Manitoba byelection | Former bureaucrat running in Tory stronghold
After more than three decades as an apolitical federal agricultural and trade bureaucrat, southern Manitoba resident Terry Hayward decided half a decade ago to jump into the political arena.
In 2011, he ran in the riding of Provencher as the Liberal candidate and won just seven percent of the vote.
This year, with five-time incumbent Vic Toews retired and a byelection pending, Hayward is at it again, challenging Conservative candidate Ted Falk, longtime president of the Steinbach Credit Union.
In 2011, Toews won the riding with more than 70 percent of the vote.
Prime minister Stephen Harper has not yet announced a byelection date.
Hayward says the leap from bureaucracy to politics “wasn’t really a big jump” once he retired from the federal government in 2006.
“I loved my job as an apolitical civil servant, but I just wasn’t happy with the way Canada was going by 2008, when there was a totally unnecessary election and too much secrecy,” he said.
For more than 30 years, Hayward served as an Agriculture Canada bureaucrat, serving as legislative assistant to both Liberal minister Eugene Whelan and Progressive Conservative minister John Wise, deputy departmental secretary and regional departmental director in Alberta.
For six years at the end of his career, he was the executive director of the National Farm Products Council of Canada. After retirement, he served for 18 months as executive director of the Manitoba Rural Adaptation Council.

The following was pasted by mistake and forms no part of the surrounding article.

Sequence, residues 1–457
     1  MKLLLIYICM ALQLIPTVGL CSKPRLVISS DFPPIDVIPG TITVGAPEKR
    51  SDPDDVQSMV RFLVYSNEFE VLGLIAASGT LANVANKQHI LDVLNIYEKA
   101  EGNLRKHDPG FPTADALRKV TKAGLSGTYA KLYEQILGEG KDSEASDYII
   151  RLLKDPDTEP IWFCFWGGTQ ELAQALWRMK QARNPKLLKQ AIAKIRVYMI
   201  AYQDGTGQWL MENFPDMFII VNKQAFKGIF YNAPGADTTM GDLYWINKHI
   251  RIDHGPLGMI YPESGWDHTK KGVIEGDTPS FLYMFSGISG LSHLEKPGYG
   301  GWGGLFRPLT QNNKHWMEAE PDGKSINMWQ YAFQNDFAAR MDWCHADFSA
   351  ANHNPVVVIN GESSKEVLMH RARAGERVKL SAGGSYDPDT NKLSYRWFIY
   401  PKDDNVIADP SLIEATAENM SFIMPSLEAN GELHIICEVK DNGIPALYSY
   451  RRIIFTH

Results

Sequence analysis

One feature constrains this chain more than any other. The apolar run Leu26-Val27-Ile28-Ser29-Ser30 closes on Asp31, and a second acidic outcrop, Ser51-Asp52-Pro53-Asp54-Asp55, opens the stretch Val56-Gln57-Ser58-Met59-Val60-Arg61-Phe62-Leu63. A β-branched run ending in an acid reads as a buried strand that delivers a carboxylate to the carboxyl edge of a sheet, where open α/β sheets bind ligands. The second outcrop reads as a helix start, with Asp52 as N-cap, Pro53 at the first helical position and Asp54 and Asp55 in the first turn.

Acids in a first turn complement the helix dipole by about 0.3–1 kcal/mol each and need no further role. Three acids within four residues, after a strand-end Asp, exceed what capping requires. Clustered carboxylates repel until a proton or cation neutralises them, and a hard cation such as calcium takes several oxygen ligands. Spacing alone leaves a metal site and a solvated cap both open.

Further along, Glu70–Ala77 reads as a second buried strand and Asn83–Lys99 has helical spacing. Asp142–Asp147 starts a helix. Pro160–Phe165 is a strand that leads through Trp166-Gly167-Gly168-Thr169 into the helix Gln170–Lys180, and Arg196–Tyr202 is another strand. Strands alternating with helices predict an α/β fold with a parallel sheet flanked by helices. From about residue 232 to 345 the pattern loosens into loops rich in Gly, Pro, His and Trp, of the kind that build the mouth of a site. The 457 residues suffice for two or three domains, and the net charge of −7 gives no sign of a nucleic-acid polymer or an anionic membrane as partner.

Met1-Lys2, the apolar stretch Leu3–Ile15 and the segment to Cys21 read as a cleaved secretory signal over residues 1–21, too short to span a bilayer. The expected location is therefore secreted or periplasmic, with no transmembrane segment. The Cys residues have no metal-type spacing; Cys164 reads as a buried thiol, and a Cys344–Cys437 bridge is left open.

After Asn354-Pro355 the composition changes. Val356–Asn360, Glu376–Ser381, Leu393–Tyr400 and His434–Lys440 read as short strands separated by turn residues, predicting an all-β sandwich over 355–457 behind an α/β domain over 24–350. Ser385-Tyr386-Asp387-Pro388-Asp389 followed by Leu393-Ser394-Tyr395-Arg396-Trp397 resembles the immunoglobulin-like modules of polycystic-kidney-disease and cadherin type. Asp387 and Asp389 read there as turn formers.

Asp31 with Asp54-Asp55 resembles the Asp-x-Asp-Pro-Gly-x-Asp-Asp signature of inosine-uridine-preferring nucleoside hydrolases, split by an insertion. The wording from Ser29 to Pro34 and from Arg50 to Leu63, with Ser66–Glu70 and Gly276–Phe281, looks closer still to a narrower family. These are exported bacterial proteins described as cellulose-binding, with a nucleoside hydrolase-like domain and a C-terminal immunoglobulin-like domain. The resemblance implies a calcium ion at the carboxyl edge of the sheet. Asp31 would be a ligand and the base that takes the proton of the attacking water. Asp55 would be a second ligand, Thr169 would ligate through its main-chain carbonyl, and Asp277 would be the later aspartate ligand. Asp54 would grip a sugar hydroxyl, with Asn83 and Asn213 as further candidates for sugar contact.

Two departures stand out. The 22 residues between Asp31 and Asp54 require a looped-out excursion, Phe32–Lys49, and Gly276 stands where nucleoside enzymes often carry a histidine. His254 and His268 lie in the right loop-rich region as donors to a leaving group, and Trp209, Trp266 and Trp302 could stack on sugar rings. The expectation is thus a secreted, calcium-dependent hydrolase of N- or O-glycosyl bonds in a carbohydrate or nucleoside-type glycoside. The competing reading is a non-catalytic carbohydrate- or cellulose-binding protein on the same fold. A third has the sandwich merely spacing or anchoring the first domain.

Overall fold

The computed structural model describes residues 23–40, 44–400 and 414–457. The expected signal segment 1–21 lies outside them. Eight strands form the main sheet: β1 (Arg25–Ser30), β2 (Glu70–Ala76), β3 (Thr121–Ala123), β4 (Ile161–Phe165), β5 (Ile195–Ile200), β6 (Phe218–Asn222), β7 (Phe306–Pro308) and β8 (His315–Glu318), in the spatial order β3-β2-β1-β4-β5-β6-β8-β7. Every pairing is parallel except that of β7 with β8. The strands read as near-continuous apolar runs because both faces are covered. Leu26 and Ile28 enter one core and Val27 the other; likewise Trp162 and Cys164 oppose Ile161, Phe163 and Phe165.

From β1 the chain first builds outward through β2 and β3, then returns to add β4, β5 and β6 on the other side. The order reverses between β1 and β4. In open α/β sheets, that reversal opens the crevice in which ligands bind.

During his years in government, Hayward also acted as an attaché at the Canadian Embassy in Washington and the High Commission in New Zealand, often dealing with trade issues.
“I really think my background in the public service will help,” Hayward said in an interview.
“I have seen how policy is formed and works. I have dealt with the trade file. Those two issues are large in this rural riding.”
The Provencher riding, which stretches west from the southeast corner of Manitoba south of Winnipeg, holds the largest concentration of supply management agriculture in the province.
“I think it is important for people not in agriculture to understand how beneficial supply management is in this riding and throughout the country,” he said. “I will be raising the issue that trade negotiations now being held behind closed doors could affect supply management and farmers have a right to know what is being discussed.”
Hayward said he also will alert farmers in the riding about the danger of business risk management safety net cuts that took effect this year but will not be obvious to most farmers until commodity prices and incomes fall in future years.
“I think farmers will be shocked and I plan to warn them about it,” he said.
Although the Provencher riding has been solidly Conservative since 2000, it has voted Liberal in the past. David Iftody held the seat from 1993 to 2000 as the last Prairie rural seat held by the party.
“I totally believe this riding is winnable,” said Hayward. “Many of the Progressive Conservatives here don’t recognize their party anymore.”